By training, I’m an accountant. By design, I’m a CEO. And, like it or not, I spend a great amount of my time managing my employees. Over the years, I’ve learned that “good” management is really about communication. Here are four tips I use to better communicate with my team:
Understand That Everyone Has a Unique Perspective
Having six sisters, I learned early on that everyone has a unique perspective. What one person perceives as a benign comment can start a war when heard by someone else. I try hard to keep this in mind when working with my employees. What seems obvious to me may not be to my team.
This came to mind during a recent meeting. “How did you come up with that number?” I asked my managers. The math wasn’t adding up. After having a discussion with no resolution, I realized that the problem was the way I asked the question: it was making one of my managers more defensive than I had intended.
I’ve also developed a different sort of perspective as a CEO. I see the big picture, where frequently, my employees only see what impacts them directly. For example, one of our employees was recently promoted to manager. While she welcomed the position, it took a while for her mindset to shift from that of an individual contributor. For months, she put her external clients ahead of her managerial responsibilities, not realizing that she really needed to delegate that work to another team member so that she could focus. Once she realized this, she shifted her perspective and is now making better leadership decisions.
Establish a Rapport
As busy as I am, small talk can feel like a waste of time. “How are you?” and “What are you doing this weekend?” aren’t the first items on my agenda. That said, having camaraderie goes a long way in building a team that trusts one another. As the boss, it also ensures the team knows I care about them as people, and not only for the work they are doing. In the long run, the few minutes it takes to catch up with an employee helps improve job satisfaction. When employees feel valued as people, they are more likely to remain committed and stay with our company.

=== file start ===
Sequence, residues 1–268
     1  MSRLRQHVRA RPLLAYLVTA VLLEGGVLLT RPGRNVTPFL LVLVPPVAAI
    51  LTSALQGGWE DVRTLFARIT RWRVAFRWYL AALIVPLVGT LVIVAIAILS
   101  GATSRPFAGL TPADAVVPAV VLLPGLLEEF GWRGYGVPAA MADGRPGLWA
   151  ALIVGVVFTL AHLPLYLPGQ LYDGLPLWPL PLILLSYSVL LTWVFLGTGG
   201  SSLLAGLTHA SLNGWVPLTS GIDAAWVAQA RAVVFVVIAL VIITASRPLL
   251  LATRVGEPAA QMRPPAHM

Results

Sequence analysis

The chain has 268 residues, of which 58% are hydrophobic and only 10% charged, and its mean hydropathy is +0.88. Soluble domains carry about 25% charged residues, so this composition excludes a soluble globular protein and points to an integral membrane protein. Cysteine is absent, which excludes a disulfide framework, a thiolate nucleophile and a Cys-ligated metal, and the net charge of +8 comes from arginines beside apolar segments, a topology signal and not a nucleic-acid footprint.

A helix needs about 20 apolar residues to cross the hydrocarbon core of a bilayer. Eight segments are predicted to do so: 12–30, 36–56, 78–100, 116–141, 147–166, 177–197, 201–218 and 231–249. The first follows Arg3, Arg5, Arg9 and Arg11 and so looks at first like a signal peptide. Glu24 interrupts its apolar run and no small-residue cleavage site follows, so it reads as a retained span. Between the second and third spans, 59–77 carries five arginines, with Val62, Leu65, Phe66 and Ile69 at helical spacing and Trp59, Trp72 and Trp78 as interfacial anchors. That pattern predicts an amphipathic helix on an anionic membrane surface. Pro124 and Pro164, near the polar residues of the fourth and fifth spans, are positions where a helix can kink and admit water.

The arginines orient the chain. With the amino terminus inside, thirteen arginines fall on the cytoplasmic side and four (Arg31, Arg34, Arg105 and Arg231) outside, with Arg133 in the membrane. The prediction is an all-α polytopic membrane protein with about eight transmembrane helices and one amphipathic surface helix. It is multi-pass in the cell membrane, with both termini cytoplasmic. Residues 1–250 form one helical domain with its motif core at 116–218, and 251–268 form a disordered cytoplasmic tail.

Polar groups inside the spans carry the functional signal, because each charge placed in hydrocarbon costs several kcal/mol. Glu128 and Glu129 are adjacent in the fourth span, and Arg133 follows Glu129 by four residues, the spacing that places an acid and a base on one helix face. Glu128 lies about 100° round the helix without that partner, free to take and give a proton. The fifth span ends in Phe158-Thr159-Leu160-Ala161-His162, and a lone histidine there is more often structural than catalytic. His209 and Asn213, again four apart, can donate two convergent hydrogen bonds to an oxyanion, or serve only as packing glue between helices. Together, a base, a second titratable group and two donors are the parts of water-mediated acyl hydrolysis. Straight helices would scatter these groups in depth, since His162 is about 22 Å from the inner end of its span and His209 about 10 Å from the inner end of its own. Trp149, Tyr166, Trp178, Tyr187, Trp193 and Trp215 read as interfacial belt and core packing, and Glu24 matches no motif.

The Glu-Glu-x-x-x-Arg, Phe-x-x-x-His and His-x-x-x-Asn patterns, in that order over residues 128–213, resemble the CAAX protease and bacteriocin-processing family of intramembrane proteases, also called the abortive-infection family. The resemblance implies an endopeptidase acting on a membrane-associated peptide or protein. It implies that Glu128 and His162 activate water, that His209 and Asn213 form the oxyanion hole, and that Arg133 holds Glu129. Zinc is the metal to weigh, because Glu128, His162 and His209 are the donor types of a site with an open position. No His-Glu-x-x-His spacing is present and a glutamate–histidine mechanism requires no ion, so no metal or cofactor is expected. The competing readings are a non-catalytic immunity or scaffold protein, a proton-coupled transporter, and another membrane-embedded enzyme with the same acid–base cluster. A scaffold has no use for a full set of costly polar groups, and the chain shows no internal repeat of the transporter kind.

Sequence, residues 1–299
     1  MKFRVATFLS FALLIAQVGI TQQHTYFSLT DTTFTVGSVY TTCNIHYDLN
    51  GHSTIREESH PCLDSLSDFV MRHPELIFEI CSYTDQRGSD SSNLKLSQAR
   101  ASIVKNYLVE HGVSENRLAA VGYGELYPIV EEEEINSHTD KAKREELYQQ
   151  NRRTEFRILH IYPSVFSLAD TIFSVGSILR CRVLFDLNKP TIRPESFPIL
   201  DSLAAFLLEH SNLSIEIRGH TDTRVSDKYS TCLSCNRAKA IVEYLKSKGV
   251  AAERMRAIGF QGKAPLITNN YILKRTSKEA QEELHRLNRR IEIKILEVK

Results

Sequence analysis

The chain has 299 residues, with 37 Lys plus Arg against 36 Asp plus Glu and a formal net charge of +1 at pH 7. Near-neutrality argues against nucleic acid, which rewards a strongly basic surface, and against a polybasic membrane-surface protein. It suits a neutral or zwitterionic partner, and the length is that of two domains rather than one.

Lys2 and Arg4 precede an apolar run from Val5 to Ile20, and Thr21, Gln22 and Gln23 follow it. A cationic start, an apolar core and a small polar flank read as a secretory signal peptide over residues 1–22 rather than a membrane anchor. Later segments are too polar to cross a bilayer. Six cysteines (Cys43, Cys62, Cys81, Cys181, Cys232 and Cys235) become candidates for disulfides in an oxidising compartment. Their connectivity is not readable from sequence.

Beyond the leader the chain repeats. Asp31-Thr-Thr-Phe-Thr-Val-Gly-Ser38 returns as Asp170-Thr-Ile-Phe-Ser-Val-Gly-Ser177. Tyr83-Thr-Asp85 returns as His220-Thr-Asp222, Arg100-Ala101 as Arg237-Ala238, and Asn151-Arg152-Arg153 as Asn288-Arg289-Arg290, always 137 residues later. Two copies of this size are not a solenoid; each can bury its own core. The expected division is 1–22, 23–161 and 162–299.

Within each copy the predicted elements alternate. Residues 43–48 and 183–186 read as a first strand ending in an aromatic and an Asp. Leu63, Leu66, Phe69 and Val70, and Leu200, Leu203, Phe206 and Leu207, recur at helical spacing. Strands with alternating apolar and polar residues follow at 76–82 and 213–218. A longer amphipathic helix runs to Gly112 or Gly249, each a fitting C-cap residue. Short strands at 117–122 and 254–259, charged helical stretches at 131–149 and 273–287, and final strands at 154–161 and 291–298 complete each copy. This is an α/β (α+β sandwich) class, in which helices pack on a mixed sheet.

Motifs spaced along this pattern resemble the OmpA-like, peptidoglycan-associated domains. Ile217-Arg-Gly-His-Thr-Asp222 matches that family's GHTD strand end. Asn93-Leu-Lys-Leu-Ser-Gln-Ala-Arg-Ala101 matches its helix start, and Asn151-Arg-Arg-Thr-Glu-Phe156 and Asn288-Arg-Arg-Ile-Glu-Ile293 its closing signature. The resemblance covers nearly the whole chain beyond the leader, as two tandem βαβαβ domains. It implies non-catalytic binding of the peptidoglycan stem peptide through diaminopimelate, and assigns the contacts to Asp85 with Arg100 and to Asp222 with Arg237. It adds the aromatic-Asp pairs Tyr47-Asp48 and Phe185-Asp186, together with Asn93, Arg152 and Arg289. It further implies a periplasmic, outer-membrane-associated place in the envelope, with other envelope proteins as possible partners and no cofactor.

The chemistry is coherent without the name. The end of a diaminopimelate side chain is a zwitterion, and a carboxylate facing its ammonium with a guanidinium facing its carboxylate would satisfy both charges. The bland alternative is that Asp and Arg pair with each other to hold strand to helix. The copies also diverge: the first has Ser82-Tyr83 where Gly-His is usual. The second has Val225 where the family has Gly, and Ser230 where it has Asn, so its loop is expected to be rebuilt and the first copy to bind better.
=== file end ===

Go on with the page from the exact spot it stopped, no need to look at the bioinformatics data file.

This may sound contradictory to my last advice, but I’ve found getting to the point quickly is my best approach. Being a good manager means clearly articulating what you need an employee to do, within what timeframe, and how you want the task performed. It’s hard for employees to succeed if they don’t have an explicit directive.
This can be challenging when you must reprimand an employee, but both of you know what’s coming. Better to get it out and figure out the next steps so you can move on.
My final piece of communication advice is to listen. I learn something every time I talk to my employees. I also make better decisions because I’ve taken the time to listen. It allows me to learn the perspective of my team, establish a rapport and improve their overall function.
Managing people is difficult. To succeed, I’ve worked hard to become more aware of what’s going on in all aspects of my business. I’ve also set goals so that I can improve employee turnover, my ability to get employees to do what I’ve asked, and employee satisfaction. After some trial and error, I’ve found that the more effort I put into managing people, the more successful I am as a business owner.